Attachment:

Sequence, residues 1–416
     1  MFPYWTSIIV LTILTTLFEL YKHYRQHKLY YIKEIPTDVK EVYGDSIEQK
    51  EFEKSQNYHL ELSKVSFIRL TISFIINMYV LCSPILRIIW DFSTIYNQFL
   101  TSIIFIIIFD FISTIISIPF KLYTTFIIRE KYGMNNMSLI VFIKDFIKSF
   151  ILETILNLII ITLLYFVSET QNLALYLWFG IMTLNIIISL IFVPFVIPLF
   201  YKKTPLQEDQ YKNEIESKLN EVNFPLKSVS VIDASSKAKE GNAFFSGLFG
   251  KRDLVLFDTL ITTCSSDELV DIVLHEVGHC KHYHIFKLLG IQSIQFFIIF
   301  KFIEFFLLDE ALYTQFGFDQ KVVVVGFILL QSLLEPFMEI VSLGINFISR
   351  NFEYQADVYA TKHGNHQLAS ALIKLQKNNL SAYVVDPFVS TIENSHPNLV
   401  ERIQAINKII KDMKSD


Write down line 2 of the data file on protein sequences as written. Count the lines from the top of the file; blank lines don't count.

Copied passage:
     1  MFPYWTSIIV LTILTTLFEL YKHYRQHKLY YIKEIPTDVK EVYGDSIEQK